If bandwidth is a problem, turn off the video and just use audio. That’s often the quickest fix.

5. Sound Clarity

This one is extraordinarily frustrating when it goes wrong and is often very difficult to troubleshoot.

I urge you to run a sound-check with every speaker before the event. Seriously, trust me on this. Common reasons for sound problems are lousy microphones, crappy BlueTooth connectivity, and the worst of all, incorrect audio settings. The audio settings are the most difficult to solve because your speakers might not know where to look for these settings. Test and test again.

Watch out for wireless headphones and wireless microphones. One of the most common reasons for sound problems is that a wireless device is connected, but the speaker has forgotten about it. So while they’re frantically pounding at the computer, the problem is simply that a nearby device has control of the audio inputs and outputs. Turn off BlueTooth on the computer itself if the speaker is planning to use the computer’s mic.

6. Video Quality

Viewers have quite a high tolerance for low-quality video, so this one isn’t a common issue. But if the video freezes often, or is distressingly out of sync, just turn it off and go audio-only. If the video is distracting, it annoys everyone.

Virtual Events Need Tech-Support

I’m confident that you’ll have to field some technical questions. Not everyone is comfortable with new software, and some people won’t understand some tech-terminology. So plan for this, and you’ll be glad you did.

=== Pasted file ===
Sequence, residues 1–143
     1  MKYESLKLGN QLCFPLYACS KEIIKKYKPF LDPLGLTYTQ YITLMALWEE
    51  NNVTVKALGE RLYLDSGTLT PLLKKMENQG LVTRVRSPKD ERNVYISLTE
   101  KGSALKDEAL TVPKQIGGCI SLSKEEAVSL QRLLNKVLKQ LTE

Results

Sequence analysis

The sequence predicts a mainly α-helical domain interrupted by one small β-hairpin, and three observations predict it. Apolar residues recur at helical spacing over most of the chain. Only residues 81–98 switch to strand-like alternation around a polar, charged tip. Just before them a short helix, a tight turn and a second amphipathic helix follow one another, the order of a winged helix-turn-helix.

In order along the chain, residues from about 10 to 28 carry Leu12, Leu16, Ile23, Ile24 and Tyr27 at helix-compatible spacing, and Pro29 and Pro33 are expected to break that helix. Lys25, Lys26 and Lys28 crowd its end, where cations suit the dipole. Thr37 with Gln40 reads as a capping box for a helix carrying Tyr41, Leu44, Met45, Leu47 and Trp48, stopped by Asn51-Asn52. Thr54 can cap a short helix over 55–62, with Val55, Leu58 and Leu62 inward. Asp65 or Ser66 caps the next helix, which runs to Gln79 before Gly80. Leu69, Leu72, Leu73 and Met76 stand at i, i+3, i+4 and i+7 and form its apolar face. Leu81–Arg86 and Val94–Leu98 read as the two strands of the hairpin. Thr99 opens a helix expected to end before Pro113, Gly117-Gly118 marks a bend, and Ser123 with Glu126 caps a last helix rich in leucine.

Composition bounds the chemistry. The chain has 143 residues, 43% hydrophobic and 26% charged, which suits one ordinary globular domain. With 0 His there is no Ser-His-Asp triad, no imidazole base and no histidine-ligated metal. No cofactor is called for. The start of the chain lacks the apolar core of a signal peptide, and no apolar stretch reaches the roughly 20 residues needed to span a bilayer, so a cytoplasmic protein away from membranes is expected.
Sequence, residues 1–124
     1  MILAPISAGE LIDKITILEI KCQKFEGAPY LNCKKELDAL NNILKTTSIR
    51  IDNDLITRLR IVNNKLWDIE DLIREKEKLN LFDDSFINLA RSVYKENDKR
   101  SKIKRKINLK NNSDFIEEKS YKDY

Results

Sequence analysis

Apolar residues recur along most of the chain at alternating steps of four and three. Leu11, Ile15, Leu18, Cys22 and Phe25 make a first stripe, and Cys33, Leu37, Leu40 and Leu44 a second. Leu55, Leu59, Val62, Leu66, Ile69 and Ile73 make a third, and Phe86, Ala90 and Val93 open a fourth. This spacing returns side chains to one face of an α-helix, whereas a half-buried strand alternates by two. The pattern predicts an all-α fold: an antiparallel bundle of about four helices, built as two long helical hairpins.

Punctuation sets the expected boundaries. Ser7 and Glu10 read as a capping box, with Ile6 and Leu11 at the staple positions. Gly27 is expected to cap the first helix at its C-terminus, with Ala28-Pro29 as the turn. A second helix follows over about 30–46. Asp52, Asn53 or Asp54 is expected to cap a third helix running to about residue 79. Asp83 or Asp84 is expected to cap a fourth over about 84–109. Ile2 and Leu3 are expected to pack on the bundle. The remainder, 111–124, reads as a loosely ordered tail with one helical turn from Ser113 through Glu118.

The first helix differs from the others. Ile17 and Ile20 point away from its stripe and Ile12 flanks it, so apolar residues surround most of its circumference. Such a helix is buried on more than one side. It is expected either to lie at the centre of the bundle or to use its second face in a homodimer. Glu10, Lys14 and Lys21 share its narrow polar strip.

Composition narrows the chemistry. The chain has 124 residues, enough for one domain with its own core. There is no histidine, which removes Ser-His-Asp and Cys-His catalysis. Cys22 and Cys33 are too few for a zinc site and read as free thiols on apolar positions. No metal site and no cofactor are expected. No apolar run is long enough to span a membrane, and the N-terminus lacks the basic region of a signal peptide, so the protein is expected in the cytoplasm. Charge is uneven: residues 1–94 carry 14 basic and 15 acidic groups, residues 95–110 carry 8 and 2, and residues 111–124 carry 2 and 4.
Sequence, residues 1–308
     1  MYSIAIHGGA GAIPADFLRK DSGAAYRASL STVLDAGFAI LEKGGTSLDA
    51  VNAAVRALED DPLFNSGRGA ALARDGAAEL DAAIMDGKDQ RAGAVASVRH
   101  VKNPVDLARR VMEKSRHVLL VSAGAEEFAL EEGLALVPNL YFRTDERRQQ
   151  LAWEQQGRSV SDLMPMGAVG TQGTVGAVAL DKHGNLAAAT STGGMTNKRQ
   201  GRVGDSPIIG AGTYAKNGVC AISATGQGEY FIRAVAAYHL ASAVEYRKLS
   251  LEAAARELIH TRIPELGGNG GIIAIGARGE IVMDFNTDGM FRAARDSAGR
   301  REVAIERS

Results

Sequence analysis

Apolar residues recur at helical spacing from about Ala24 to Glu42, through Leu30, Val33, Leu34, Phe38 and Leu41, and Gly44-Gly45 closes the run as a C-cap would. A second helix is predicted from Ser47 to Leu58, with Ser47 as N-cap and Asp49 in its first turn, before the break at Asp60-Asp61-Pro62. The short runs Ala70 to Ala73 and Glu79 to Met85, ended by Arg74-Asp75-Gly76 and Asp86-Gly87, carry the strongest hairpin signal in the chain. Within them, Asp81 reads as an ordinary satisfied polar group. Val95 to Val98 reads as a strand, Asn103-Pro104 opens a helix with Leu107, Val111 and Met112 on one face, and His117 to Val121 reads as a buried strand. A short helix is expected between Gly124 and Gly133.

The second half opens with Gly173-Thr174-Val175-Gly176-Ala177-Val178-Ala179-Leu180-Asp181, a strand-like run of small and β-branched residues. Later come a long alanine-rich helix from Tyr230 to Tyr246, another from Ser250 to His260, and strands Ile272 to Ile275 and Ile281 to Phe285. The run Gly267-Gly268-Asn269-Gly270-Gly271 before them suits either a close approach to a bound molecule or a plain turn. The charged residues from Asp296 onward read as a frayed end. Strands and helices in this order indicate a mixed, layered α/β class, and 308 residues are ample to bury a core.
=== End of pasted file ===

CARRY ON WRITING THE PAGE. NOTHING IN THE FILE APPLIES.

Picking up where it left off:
Here are some tips to ensure attendees feel included, even if they’re not very tech-savvy:

Google common troubleshooting questions for the software you’re using. You’ll be able to share help docs with those who need it. Maybe you’ll even add links to these documents in an email or your event website.

Also, avoid using jargon. While most people understand what a browser is, many others don’t. I recommend using words like Chrome, Safari, or Microsoft Edge. People will realize that they use Chrome to access the web, even if they don’t know that it’s called a browser.

Have alternative ways to access the event. The most common solution is phone call-ins, which Zoom and many others provide. There will always be people who can’t get technology to work, and sound is a common point of failure. So having a phone option allows them to listen in.

Have a partner. The second pair of eyes and ears can be a huge help. They’ll notice if your video is glitchy, or your sound is too soft. They’ll also see if the camera is pointing up your nose (true story!). While you’re focused on running the event, they can answer attendee questions and act as support staff.

Learn The Software

Trust me – take the time to learn the software. Whether it’s Zoom, HopIn, or anything else, invest in exploring every button. You’ll want to know how to mute attendees and turn other people’s videos off. Also, know where to find the meeting URL and how to invite others.

Ensure that you understand how to give screen sharing access to presenters, how to change hosts, and how to answer chat questions. Plus, if you know the software well, you might be inspired to use some of their features that you otherwise would have missed.

Interested in learning almost everything you need to know about running virtual events, big and small? Download the ebook Planning A Virtual Event: Almost Everything You Need To Know.


Leave a Reply

Your email address will not be published. Required fields are marked *